UMC Delays Appointing New Bishops Until 2024 Due to Financial Woes and Possible Split Over Homosexuality Debate

United Methodist Church leaders have recommended delaying the appointment of new bishops until 2024 due to financial concerns and a possible schism over the homosexuality debate.

The UMC Council of Bishops held a virtual meeting on Nov. 2-5 in which they discussed plans to add more bishops to the continent of Africa in response to large church growth in the region.

In a statement released last Thursday, the bishops announced that they recommend General Conference support delaying the election and appointment of new bishops.

The Council described the delay proposal as a “grassroots movement” that would “save approximately $10 million in bishops’ salaries and benefits to the Episcopacy Fund.”

“The bishops also agreed to encourage the Standing Committee on Central Conference Matters to consider recommending to the General Conference the phasing in of the five additional bishops approved for Africa only as the resources are available and the necessary infrastructure has been secured,” stated the bishops.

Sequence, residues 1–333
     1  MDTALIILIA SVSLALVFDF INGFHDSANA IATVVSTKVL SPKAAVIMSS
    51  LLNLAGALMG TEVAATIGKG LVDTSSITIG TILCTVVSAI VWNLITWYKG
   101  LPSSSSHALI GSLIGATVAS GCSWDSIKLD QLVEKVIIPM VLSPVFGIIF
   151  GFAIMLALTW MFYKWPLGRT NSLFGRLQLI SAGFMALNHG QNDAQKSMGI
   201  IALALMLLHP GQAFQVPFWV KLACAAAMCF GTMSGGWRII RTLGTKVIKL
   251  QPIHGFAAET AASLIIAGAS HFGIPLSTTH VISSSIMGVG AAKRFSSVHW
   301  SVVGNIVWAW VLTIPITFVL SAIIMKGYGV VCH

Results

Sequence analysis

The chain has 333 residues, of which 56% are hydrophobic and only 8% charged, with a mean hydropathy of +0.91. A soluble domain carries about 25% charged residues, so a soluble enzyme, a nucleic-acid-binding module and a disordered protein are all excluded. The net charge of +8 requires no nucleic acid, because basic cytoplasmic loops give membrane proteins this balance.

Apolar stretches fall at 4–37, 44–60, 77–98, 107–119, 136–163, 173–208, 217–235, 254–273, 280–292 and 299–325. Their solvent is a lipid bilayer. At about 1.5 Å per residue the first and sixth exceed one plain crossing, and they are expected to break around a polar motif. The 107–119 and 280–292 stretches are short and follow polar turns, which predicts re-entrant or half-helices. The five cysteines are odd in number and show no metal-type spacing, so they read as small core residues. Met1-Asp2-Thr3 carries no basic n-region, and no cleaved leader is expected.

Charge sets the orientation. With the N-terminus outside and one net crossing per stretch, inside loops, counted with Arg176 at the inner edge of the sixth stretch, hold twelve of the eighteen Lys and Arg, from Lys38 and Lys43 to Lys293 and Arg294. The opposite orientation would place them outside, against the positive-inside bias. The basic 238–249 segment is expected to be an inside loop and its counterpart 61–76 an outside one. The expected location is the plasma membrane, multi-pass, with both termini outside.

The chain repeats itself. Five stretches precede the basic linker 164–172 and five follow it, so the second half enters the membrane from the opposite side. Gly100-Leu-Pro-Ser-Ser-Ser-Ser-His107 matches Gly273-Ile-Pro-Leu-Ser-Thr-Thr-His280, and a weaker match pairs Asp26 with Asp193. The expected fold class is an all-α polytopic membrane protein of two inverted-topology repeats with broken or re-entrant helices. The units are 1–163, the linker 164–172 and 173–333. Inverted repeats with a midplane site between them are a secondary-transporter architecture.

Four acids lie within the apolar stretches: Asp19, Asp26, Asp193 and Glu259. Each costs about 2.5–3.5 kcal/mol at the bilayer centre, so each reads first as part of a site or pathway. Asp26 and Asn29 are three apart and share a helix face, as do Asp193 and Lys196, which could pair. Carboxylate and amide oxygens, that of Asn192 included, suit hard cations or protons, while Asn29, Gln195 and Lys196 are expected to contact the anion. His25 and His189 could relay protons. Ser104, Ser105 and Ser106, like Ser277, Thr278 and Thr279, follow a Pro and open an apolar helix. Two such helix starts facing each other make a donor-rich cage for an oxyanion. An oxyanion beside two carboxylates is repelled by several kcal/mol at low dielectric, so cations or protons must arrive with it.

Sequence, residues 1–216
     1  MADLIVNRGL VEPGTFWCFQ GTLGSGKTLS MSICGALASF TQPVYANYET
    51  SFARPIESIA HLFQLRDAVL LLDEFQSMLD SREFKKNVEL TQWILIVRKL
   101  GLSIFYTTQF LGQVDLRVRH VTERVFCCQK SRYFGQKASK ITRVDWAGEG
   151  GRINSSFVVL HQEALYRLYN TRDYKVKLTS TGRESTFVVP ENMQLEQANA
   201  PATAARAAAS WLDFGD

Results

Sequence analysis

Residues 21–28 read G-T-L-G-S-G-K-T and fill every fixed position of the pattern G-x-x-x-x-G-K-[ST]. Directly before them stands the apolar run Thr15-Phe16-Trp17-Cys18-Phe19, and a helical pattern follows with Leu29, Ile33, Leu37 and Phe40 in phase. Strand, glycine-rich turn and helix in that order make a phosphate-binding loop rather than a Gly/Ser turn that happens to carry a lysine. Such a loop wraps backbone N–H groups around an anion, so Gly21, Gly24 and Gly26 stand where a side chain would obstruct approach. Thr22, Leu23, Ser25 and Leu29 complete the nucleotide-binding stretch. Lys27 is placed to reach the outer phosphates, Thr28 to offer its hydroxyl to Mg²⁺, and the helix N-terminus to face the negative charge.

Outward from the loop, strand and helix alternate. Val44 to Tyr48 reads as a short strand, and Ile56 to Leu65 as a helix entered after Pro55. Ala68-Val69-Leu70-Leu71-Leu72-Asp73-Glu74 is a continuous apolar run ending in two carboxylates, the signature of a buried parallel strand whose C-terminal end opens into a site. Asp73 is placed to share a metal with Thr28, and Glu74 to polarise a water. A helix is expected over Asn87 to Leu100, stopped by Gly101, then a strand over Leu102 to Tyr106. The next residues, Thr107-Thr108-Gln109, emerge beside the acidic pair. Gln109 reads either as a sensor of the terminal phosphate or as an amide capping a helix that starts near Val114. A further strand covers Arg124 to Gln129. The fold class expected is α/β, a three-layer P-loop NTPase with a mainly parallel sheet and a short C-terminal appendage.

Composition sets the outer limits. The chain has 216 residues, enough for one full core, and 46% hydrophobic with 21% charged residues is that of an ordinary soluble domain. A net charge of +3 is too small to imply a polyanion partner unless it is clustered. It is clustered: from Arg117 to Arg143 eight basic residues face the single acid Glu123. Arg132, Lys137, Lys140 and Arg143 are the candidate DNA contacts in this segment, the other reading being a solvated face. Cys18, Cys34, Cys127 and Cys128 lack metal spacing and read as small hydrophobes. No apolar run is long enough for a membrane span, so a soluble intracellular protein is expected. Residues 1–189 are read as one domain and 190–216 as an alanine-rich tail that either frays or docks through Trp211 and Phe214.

The Council also focused on how to champion anti-racism work, which involved approving a four-pronged approach to include:

  • Creating space for narratives of integrity and truth while resisting narratives of fear and division/othering
  • Moving toward pain, injury and harm
  • A willingness to be discomforted in order to be faithful witnesses
  • Living as a people of relentless hope

The virtual meeting had 115 bishops in attendance, with represented regional bodies including those based in the United States, Africa, Asia, and Europe.

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SOURCE: Christian Post, Michael Gryboski